Cohabitation as a crime in Indonesia

In December 2022, the Indonesian Government caused an international stir when it announced that unmarried couples could face six months in prison or a fine. The backlash – involving cancelled Bali holidays for unmarried international couples – helped to put things in a more balanced perspective.

It is not a law that is likely to affect foreign visitors, or even in most cases Indonesian citizens. As it stands, proceedings can only be instigated if the cohabitation is reported by parents, offspring or a spouse.

Drug trafficking in Bali

Don’t do it. Under the present anti-corruption drive apprehension by the police even for possession is far more likely to lead to arrest than to extortion or a hefty bribe. If you are fortunate, arrest might lead to a lengthy prison sentence. If you are less fortunate, it could even lead to the death penalty. It’s worth repeating – don’t do it.

Terrorist threats in Bali

It is important to remember that Indonesians of all faiths are hospitable, friendly and welcoming people and that fanatics and militants are in the tiny minority. Terrorist organizations have been active in the past with horrifying effect, however, and Islamic State, ash-Sham (aka Jemaah Anshorut Daulah) and Jemaah Islamiyah have cadres in what is famously known as the world’s biggest Muslim country.

The United Nations Office on Drugs and Crime has stated that ‘Indonesia has made notable progress in strengthening the legal regime against terrorism, in conformity with the international treaties against terrorism.’

The vast majority of holidays to Indonesia pass without the merest unpleasant experience but if you are worried about such eventualities it is worth considering that terrorists are more likely to target busy westernized areas. In general, the threat from crime diminishes in Indonesia with each kilometre you stray from the beaten path.

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  • Linda said

    1)Where are reputable hospitals located on Bali?<br>2) Is there a reputable hospital on Kanduii? If not, where is the nearest oneto Kanduii located?<br><br>Thanks!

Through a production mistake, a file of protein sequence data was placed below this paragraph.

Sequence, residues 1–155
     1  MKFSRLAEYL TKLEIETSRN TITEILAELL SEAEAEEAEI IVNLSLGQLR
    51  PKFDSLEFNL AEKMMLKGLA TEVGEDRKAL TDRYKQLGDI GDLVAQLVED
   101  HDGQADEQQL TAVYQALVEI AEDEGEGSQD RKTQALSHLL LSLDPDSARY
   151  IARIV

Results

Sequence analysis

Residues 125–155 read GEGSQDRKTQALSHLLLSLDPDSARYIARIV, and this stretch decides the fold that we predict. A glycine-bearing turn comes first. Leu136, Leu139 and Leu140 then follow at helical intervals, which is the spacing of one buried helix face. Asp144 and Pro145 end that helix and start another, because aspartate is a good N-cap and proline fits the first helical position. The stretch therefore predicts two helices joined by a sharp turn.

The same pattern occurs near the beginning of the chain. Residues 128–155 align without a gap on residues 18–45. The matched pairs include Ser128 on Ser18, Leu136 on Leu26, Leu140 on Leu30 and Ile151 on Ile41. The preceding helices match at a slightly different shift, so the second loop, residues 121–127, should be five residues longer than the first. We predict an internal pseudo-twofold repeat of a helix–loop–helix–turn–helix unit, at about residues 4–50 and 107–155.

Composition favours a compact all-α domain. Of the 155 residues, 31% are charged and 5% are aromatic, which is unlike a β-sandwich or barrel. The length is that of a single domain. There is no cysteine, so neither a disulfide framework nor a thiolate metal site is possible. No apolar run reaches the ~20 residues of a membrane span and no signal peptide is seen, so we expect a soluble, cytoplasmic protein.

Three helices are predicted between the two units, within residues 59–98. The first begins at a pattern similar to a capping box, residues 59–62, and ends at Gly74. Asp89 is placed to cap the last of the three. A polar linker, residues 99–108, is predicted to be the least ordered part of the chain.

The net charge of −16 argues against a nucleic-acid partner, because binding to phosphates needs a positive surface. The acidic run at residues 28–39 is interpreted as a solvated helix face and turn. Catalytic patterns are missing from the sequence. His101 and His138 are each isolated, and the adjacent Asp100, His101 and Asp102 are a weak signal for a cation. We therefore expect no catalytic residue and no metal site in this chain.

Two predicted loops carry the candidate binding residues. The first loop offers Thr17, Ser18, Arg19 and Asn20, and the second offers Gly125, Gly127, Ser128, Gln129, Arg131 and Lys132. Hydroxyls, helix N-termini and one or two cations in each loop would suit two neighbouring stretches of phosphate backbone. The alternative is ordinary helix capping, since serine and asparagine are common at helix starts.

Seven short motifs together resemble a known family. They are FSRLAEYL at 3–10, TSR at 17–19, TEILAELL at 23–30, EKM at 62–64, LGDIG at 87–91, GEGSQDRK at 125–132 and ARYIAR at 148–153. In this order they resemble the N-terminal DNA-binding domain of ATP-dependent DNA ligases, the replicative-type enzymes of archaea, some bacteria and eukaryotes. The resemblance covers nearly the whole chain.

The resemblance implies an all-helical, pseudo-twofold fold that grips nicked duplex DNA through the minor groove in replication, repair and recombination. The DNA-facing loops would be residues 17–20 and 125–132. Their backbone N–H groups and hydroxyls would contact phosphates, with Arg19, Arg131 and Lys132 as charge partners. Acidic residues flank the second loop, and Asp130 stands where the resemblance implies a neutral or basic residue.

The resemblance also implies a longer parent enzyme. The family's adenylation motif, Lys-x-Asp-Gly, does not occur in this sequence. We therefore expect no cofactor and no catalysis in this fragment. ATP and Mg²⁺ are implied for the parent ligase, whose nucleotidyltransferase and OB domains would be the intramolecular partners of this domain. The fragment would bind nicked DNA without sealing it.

• Norman said

    Once I was stopped by the Polisi for running red light at Bali,And I don't even have a full motorcycle license cause my bike license is only up to 400cc.I rent a 650cc Kawasaki bike and without much thought I take out Rp100,000 and give him and he even tell me where to know roadblock is

  • Sheridan said

    Unfortunately, African Americans may find themselves getting extra attention when they go through immigration in Indonesia. I lived and worked in Medan, North Sumatra for two years. I traveled throughout the country a great deal for work. When going through customs, I was routinely pulled out of line, searched and asked what I was doing there.

  • TK said

    I've taken buses and bemos all over Bali, Lombok, Flores and Sulawesi without knowing much Indonesian other than basic greetings and numbers and have never had any issues. You definitely don't need functional Indonesian to take the bus, although it's always a good idea to try to learn at least a few phrases.

  • David from said

    Thanks for sharing these useful tips Phil! If I may add from my research (, do be wary of these other common scams such as the rigged money exchange, batik scam and temple touts! Hope this helps!